Are there any other trends that investors might capitalize on in this environment?
Over the past 10 years, the price of gold has increased by 300%, while the S&P 500 has returned a total of -10%, according to the S&P 500 Total Return Index. The reasons for investing in gold include a hedge against inflation and as protection against a decline in the U.S. dollar. While the dollar has continued to decline, the price of gold has rallied strongly. We believe that the dollar is likely to further weaken as the Federal Reserve keeps interest rates low, the government continues its borrowing, and U.S. economic activity relative to the rest of the world remains muted. The easiest way for an individual to invest in gold bullion is through the SPDR Gold ETF (GLD). The shares are meant to track the performance of gold futures—minus a management fee. Other options include another gold bullion ETF (IAU), a silver ETF (SLV), and an ETF that holds gold and silver mining companies (GDX). We would also consider other precious metal and industrial metal ETFs, which would also increase in price with manufacturing demand. In general, demand for gold as currency is increasing among nations and individuals. As a result, we see gold increasing from around $1,100 an ounce (in mid-November) to approximately the $1,250 to $1,275 range by the end of 2010. This would put GLD at about $123 to $125 per share.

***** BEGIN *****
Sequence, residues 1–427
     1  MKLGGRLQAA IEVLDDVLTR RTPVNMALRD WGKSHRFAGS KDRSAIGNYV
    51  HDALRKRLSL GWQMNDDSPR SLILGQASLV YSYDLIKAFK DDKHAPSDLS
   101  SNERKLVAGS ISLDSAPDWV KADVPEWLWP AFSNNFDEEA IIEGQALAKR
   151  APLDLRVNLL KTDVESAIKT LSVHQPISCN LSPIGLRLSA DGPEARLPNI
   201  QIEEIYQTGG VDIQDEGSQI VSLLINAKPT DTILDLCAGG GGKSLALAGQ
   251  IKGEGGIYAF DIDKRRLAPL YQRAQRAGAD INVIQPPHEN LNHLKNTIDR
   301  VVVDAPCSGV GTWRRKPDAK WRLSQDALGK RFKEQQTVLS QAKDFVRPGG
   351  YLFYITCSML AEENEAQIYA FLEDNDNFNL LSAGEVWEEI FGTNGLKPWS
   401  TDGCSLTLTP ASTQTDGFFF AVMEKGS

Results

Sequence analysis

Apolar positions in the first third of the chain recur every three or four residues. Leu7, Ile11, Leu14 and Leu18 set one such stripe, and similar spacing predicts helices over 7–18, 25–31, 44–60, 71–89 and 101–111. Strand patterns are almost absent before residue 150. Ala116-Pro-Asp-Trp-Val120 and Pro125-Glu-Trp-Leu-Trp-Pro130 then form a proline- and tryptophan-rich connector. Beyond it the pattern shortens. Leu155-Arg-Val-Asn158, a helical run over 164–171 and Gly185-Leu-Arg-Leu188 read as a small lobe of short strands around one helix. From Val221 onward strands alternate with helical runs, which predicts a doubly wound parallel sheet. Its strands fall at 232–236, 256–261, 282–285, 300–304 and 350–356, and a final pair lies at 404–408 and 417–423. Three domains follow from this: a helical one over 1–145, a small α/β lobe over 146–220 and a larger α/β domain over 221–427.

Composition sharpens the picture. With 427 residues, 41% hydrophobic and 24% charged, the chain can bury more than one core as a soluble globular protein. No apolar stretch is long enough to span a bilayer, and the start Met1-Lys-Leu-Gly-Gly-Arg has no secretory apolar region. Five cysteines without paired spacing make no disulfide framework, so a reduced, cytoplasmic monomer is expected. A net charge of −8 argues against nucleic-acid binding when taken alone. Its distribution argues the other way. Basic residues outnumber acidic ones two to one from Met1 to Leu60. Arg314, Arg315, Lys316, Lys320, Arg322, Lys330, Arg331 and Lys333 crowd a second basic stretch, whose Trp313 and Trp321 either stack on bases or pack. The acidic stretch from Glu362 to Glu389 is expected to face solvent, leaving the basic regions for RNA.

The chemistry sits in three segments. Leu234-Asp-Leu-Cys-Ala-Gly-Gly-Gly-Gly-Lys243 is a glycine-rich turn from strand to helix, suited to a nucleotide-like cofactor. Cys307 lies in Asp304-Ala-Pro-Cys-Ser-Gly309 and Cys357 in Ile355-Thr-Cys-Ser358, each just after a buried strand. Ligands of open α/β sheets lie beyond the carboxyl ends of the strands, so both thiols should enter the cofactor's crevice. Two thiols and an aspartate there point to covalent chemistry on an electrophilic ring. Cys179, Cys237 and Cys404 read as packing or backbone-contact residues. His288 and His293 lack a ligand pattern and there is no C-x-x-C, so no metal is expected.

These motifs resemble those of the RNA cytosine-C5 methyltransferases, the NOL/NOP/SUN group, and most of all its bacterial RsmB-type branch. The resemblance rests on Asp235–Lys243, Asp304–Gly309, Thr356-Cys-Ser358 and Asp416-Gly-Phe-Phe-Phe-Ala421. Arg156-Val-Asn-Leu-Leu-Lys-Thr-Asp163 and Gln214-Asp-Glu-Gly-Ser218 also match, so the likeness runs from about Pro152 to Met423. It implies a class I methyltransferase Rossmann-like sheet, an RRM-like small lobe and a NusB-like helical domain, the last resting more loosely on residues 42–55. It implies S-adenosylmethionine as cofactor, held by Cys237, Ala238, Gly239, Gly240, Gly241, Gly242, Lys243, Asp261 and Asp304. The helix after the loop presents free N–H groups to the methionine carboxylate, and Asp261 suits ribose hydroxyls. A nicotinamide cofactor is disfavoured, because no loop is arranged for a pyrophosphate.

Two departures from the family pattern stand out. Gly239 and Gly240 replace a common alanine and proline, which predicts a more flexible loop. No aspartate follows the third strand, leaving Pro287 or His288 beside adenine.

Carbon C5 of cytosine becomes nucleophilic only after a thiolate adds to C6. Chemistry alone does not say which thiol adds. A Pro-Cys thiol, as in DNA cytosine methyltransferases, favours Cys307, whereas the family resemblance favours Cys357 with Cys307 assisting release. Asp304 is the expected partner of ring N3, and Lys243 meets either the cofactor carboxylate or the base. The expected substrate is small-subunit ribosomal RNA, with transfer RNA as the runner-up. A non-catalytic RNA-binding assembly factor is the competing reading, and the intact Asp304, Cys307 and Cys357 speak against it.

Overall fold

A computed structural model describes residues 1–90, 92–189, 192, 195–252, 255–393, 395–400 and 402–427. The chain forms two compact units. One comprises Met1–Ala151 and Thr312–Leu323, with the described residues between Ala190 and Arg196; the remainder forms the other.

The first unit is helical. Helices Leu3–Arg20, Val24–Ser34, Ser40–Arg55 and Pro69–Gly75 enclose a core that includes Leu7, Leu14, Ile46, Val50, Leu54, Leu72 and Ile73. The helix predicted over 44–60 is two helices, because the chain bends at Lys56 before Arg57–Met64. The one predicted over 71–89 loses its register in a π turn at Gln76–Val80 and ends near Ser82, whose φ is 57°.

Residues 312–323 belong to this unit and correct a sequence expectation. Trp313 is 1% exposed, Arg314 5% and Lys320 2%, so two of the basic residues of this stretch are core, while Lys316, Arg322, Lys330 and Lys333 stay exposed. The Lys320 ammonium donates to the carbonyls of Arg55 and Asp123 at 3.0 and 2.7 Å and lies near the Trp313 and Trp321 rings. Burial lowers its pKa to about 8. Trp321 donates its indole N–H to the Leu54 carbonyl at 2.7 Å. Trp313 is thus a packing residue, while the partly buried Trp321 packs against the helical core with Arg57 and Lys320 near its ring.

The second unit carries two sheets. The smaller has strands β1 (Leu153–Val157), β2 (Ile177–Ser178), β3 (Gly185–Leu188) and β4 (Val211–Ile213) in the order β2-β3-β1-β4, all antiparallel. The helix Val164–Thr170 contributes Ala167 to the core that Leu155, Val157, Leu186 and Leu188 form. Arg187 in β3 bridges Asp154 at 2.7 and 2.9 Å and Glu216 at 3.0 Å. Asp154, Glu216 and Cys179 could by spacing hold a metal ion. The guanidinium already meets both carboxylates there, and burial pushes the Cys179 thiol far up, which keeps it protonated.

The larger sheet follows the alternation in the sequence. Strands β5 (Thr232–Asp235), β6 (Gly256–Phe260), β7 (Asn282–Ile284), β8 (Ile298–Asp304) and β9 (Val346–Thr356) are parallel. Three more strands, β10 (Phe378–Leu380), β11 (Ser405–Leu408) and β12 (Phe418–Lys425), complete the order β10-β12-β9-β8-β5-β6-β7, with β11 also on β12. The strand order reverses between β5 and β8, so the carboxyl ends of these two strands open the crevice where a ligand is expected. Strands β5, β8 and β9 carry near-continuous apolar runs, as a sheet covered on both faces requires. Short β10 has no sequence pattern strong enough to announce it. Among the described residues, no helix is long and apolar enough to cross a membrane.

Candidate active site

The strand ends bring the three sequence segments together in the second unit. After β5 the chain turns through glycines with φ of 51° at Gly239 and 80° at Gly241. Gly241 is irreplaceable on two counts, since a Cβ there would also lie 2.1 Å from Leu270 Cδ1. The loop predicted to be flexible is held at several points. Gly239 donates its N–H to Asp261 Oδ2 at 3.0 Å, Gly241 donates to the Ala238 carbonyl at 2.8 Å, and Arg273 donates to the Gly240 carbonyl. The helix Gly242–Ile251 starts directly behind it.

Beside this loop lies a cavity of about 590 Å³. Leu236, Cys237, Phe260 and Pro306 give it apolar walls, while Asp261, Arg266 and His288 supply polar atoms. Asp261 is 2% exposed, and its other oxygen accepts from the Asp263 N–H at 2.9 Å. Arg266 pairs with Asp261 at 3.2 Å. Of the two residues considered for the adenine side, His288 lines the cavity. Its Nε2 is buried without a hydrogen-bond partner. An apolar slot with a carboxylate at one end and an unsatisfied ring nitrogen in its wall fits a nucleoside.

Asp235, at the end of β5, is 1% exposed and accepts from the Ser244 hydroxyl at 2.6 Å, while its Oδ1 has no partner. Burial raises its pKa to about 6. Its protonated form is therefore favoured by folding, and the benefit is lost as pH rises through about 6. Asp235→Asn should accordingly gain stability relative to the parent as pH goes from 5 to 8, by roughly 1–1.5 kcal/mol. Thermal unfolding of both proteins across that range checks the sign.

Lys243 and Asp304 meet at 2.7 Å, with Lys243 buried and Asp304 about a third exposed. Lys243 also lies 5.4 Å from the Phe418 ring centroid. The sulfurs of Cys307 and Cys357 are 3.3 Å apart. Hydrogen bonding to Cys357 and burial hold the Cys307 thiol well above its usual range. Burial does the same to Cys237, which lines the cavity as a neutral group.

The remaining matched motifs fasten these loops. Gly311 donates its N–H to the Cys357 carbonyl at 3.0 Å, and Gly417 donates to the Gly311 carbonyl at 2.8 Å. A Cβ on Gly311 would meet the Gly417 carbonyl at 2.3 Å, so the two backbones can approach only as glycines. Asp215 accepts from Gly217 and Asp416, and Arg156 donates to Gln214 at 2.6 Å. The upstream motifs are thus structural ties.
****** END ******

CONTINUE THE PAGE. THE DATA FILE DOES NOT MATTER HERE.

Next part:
These investment ideas seem ripped right from the headlines—very timely. Are there any global trends that make for good specific stock picks?
China Yuchai International Limited (CYD) is China’s largest diesel engine manufacturer. This company is a direct beneficiary of the more than half-a-trillion-dollar Chinese stimulus program. The majority of China’s stimulus dollars are being spent on highway, airport, and railway projects. The companies that take on these construction jobs will be the end users for China Yuchai’s diesel engines. China Yuchai’s shipments are up more than 12% in the past year, and the expectation is that shipments of their medium heavy-duty diesel engines will be up north of 30% over the next 12 to 18 months. The company’s Chinese engine subsidiary has a 25% market share, mainly used in buses, trucks etc. They are also cash flow positive, and should hit $130 million plus this year with no debt. While the company’s dividend payout has been somewhat erratic, we expect that to stabilize, thus adding another attractive reason to own the stock. This stock is an ideal candidate for the investor who wants a direct play in Chinese infrastructure. Although the stock had about a 60% run-up last fall, we still see significant upside and expect the stock to trade in the low to mid $20s in the next 12 to 18 months.
This article originally appeared in the January 2010 issue of Black Enterprise magazine.